Release Date: September 2008
You can't throw a rock in a game store without hitting at least a dozen RPGs these days. Turn-based, real-time, strategy — there are so many titles with so many subtle variants that it's hard to separate the wheat from the chaff. Occasionally, a title hits that is just so immersive and brilliant that it captures universal praise. Diablo set the stage for the modern dungeon crawler, and many would argue that Oblivion perfected it. Now, Ascaron is going to see if the genre can be pushed any further with the the forthcoming Sacred 2: Fallen Angel.
Sacred 2 takes place 2,000 years before the original, and the only returning characters are the Seraphim. As it stands, the Seraphim have always been servants of the Creator, the entity that controls all world creation and governs all races. However, the Seraphim have secretly siphoned away a small portion of the Creator's power in order to make a world of their very own. On this new world, they create many races and leave each to pursue its own goals and ideals. It isn't long before the Creator discovers what the Seraphim have done, but rather than punish them, he delivers to them a challenge. His divine countenance will only shine upon this new world if the Seraphim can unite all races in peace and harmony. This will not be easy, though, as the ruling High Elves have begun to exploit their power of the lesser races, and the rumbles of war can be heard in the distance.
When starting out, players choose from one of six character classes (Dryad, High Elf, the Inquisitor, the Seraphim, Shadow Warrior or Temple Guardian), each with its own special attributes and abilities. In addition to selecting a class, players must determine if they will follow the path of Light or Shadow. The Seraphim and the Inquisitor are rooted in the roles of Light and Shadow, respectively, but all other characters are free to choose. Which path you take will determine which quests you receive and which allies you make, as well as how NPCs react when they see you. It's all fairly standard RPG fare at this point, but if it isn't broken, why mess with a successful formula?
Gameplay takes place in third-person view and is equally simple on both the PC and Xbox 360. All of the game's essential commands fit just fine on the 360 controller, and it's easy for anyone to jump right in and play. Actually, jumping in is a fitting term, as the game will feature drop-in, drop-out multiplayer available at any time. All it takes is a simple press of a button, and your buddies can join you on the quest. Even better, all of the rewards and experience you earn while playing co-op will be transferred back to your single-player game, so it will be beneficial in your single-player experience to join up with your buddies to tackle some of the nastier multiplayer dungeons in order to get that oh-so-precious loot.
Another cool feature Sacred 2 offers are the mounts, which go far beyond pretty horses. Each character class has its own unique mount that, when leveled up, allows you to unleash some pretty devastating attacks. We got to see the Shadow Warrior's mount in action (a sort of human/demon hybrid creature), and it was a definite force on the battlefield. If each of the mounts is this useful and fun, then it will add a whole layer of combat that is missing from most RPGs.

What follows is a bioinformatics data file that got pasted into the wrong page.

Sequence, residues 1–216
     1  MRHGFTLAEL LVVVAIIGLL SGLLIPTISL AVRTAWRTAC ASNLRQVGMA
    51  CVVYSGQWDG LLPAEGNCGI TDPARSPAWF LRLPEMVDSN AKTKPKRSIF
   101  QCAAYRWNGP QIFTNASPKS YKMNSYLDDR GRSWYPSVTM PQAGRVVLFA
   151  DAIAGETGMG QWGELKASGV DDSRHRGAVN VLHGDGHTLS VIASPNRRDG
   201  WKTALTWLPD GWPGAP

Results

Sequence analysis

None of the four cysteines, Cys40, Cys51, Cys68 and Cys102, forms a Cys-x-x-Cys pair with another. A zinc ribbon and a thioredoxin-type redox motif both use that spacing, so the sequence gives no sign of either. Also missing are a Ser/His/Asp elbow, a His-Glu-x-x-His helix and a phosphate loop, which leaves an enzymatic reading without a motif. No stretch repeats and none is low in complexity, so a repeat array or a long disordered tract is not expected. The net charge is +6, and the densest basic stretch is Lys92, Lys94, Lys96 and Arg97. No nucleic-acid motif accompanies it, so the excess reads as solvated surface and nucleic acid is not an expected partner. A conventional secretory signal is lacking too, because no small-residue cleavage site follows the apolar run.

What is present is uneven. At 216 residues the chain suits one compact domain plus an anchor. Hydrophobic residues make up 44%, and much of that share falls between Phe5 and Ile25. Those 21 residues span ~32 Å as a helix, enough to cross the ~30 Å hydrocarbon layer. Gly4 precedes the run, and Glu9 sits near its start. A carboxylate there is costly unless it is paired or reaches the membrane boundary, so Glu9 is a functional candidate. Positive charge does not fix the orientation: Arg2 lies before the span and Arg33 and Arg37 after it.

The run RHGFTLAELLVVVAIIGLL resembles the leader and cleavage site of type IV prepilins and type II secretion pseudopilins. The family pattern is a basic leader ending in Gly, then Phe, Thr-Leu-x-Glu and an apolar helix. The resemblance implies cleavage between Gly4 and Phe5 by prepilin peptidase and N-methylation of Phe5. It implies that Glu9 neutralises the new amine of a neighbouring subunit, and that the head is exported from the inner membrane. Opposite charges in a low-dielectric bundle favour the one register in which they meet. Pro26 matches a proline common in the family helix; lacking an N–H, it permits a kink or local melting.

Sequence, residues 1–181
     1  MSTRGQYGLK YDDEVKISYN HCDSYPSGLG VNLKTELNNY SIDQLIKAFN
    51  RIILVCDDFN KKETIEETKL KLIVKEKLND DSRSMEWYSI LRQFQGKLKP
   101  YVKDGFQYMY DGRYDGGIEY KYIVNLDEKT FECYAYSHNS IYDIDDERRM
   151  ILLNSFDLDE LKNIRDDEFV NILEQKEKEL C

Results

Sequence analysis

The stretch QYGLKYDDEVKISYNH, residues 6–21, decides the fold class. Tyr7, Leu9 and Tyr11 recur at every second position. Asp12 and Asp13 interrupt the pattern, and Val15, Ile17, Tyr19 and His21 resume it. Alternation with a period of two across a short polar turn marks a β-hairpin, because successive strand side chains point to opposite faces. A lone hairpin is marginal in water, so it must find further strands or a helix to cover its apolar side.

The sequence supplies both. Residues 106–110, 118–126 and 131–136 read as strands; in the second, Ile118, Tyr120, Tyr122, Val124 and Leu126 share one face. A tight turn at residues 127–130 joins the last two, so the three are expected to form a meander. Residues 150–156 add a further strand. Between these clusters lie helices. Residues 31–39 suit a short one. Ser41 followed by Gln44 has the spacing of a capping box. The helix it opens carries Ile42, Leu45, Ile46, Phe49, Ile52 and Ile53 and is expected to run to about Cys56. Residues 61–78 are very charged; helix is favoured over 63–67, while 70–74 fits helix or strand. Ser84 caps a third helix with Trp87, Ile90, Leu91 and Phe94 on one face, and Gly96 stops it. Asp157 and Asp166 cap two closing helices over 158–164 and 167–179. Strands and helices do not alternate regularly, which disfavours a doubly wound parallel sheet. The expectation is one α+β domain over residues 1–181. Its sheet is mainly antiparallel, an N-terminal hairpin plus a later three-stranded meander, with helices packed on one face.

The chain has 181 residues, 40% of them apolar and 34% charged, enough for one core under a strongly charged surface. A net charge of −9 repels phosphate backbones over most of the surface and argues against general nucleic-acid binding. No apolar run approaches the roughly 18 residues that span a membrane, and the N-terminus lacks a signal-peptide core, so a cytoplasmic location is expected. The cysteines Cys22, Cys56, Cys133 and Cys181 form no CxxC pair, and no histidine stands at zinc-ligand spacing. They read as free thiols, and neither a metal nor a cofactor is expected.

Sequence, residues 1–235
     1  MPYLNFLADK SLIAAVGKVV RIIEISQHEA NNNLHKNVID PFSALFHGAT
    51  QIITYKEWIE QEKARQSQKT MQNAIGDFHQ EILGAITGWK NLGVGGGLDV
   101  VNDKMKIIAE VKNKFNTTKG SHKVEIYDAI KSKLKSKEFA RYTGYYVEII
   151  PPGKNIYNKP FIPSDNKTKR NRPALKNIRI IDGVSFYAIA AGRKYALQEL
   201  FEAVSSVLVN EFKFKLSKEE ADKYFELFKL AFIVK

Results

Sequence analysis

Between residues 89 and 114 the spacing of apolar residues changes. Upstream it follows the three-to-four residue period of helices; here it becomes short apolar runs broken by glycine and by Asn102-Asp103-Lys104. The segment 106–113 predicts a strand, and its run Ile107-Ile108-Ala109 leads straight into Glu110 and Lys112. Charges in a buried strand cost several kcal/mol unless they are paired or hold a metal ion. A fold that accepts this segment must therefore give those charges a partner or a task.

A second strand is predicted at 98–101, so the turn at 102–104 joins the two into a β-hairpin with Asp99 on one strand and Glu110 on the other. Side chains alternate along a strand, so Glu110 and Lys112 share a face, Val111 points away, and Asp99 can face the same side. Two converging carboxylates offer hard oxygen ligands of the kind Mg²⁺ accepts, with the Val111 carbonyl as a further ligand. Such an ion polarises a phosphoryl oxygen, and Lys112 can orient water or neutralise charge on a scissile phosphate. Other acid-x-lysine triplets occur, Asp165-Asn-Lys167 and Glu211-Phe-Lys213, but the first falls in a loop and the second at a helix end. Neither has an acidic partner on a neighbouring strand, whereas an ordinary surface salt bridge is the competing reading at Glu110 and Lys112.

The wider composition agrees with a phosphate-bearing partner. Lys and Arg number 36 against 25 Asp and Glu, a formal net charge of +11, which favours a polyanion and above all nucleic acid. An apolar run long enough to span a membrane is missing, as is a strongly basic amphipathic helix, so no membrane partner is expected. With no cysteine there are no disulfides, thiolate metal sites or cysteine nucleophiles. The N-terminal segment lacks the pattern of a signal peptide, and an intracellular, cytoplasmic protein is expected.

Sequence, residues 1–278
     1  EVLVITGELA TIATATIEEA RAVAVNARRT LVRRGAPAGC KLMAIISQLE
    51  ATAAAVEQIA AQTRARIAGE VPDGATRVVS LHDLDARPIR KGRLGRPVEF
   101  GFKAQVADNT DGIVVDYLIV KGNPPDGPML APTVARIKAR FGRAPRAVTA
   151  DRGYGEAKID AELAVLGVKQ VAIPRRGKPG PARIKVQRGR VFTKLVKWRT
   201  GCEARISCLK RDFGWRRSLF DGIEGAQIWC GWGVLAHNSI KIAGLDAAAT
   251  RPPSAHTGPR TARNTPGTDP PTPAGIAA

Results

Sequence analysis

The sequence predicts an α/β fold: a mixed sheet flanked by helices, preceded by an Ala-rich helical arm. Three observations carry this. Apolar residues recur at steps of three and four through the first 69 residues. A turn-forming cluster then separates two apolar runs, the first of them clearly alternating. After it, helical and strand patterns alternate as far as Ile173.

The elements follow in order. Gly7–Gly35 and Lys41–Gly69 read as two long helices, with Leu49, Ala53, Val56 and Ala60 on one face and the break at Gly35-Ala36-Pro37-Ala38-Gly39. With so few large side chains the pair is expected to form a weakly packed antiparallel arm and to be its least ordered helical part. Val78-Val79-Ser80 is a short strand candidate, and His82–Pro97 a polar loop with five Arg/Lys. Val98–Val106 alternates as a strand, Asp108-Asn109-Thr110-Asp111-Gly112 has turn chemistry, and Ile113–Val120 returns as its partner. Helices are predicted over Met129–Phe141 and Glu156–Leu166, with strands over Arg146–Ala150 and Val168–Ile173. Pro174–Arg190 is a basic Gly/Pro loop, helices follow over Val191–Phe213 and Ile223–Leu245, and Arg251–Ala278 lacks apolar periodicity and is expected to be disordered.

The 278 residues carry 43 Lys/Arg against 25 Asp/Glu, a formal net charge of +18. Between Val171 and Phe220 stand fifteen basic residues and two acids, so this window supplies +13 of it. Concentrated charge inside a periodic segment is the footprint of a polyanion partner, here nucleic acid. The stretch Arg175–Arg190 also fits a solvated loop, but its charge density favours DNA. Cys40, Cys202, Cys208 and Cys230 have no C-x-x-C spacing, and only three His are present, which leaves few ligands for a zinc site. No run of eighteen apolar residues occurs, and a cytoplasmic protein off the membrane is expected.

The world of Sacred 2 is vast and beautiful, and the developers tell us that if you scale it out, the map covers 22 square miles, and it is all one continuous realm with no separate load screen interruptions. They also claim that walking from the northwestern to southeastern points takes six hours, if you know where you're going and take the most direct route. It's hard to imagine who would spend six hours walking from one shore to another, but I can almost guarantee that if they attach an Achievement to it, then we'll all be hearing tons of point fiends moaning as they take their long slog from sea to shining sea.
At least the long walk will be pretty, as the title boasts beautiful landscapes and amazing effects. While the visuals on the 360 version still have a long way to go before they are ready, the PC demo was showcasing just what the game's engine can do, and it's pretty impressive. If the console version can show off half of what its PC brother can, then there won't be a dry eye in the house.
RPG fans are a picky lot, and many have grown tired of the stilted JRPG storylines and overly emotive and self-important heroes. The big question right now is if Sacred 2: Fallen Angel is willing to break with convention and offer something new and fresh. So far, it looks like all the pieces are in place for a fun and lengthy quest that will likely draw in fans of epic dungeon crawlers. You may want to just go ahead and block out the month of September because Sacred 2 is likely to steal away a whole lot of your time.
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